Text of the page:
The Attitude of Andy Warhol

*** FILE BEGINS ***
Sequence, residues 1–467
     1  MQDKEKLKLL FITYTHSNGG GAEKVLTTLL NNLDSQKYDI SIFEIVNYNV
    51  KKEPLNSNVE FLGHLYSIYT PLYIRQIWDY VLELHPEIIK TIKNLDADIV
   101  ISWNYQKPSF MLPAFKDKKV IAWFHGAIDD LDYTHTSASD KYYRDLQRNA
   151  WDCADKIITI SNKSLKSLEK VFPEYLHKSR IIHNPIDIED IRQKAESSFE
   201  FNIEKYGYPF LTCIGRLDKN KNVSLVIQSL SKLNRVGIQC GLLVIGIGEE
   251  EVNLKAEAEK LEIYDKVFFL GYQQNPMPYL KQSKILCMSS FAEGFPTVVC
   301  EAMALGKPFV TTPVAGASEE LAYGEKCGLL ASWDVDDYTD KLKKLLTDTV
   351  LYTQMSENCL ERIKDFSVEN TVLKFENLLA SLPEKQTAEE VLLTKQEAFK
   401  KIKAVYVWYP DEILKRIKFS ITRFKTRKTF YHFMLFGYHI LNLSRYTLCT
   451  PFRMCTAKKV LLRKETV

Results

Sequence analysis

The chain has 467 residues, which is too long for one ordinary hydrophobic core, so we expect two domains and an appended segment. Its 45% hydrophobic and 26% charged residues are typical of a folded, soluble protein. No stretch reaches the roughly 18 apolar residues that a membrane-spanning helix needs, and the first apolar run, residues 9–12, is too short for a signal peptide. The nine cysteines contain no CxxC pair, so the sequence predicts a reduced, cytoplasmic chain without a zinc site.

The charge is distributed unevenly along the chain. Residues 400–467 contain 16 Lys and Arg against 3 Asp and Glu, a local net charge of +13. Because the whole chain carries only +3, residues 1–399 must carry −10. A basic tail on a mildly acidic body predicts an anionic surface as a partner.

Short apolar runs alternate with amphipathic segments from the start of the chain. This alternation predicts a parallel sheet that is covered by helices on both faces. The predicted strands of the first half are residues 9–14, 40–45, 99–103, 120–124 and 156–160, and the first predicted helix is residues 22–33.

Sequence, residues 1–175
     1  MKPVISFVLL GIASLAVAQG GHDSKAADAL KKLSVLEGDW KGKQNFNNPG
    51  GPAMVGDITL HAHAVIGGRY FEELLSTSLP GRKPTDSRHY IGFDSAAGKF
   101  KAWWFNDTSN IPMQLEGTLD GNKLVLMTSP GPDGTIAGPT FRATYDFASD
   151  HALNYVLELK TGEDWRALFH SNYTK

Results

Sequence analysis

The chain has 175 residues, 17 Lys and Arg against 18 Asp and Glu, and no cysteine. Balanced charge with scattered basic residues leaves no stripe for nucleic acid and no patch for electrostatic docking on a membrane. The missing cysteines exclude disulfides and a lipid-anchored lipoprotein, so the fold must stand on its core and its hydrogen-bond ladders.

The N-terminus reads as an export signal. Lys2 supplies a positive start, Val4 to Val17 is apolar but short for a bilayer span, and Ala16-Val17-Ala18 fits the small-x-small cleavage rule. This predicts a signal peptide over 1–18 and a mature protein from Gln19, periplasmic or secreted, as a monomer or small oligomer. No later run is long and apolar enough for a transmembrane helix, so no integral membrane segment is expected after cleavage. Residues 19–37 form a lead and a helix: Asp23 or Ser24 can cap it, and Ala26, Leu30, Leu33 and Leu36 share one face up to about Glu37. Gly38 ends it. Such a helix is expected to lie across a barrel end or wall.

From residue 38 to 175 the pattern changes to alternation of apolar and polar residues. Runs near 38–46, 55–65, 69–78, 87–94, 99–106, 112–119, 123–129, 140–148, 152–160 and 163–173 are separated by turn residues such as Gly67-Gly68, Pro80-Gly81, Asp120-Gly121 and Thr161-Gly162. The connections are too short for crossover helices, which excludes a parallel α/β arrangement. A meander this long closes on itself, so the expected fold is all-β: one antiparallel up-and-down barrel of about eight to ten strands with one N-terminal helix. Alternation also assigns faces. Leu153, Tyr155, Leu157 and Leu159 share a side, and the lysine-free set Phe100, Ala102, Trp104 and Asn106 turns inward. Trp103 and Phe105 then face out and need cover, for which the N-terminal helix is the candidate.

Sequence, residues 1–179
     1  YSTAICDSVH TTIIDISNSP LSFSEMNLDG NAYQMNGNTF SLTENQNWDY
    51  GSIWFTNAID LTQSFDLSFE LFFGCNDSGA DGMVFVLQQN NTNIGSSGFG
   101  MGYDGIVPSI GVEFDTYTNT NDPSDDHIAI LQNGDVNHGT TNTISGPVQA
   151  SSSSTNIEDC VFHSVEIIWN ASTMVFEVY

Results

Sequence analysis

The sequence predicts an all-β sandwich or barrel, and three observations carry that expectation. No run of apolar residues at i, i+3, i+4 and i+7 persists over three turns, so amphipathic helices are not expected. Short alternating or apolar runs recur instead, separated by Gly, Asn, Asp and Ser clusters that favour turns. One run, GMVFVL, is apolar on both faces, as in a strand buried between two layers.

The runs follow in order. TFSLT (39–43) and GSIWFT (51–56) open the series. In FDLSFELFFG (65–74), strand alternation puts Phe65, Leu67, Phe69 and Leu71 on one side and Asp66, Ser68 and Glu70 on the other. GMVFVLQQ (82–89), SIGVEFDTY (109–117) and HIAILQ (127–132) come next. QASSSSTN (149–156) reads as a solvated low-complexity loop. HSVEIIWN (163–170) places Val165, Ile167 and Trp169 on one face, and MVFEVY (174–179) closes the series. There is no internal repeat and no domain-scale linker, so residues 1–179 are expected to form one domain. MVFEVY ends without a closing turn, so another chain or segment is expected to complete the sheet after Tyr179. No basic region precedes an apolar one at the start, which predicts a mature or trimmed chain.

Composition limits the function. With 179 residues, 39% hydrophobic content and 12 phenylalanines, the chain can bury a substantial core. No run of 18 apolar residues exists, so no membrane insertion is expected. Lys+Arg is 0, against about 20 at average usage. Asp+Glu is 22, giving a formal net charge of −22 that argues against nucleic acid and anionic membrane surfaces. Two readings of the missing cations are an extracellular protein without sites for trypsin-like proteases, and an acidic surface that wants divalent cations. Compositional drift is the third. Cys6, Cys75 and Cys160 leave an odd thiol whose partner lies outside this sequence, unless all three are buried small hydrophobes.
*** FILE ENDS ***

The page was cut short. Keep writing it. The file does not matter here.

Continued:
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The attitude of Warhol only confused society more. Instead of hiding his association with commercial art as other artists did, drawing and dividing the line between it and real art, he erased the line. "The Pop artists did images that anybody walking down Broadway could recognize in a split second."(Warhol) Pop artist figures competed in that art market where images and auras, no just objects, are offered for consumption. Warhol has never objected to this state of affairs, which he did so much to reveal – and indeed, to push to new extremes of sophistication. Warhol introduced society to a new kind of art that is now being recognized as real art, he pushed to boundaries and so called standards to the traditional ways. Warhol's first major display of pushing the boundaries was in 1948 at an art show given by the Pittsburgh Associated Artists his painting that he submitted was titled The Broad Gave Me My Face but I Can Pick My Own Nose, one judge thought it was excellent and another thought it was vulgar and coarse. It hung in the ‘reject' section but drew a huge crowd of admiring students. From that he felt that he was ready to take on the art scene in New York. Warhol's approach to the modern way of art was mass production of everyday items. He was very successful as a commercial artist but was not considered a ‘real' artist. Andy wanted his art to look impersonal and mechanical. He discovered the use of silkscreen and how it produced slight mistakes and unevenness in his repetitive style of art. He produced his most famous pieces of art after he found silkscreening, he was on an inspirational high. He produced the Campbell's Soup Can series in 1962 and the more famous prints of Marilyn Monroe in 1964. To expand Andy's finances, Fred Hughes encouraged him to concentrate on his paintings. Andy's Swiss dealer, Bruno Bischofberger, thought Andy should paint a series on a world leader for an exhibit at his gallery. He suggested Albert Einstein. Andy...
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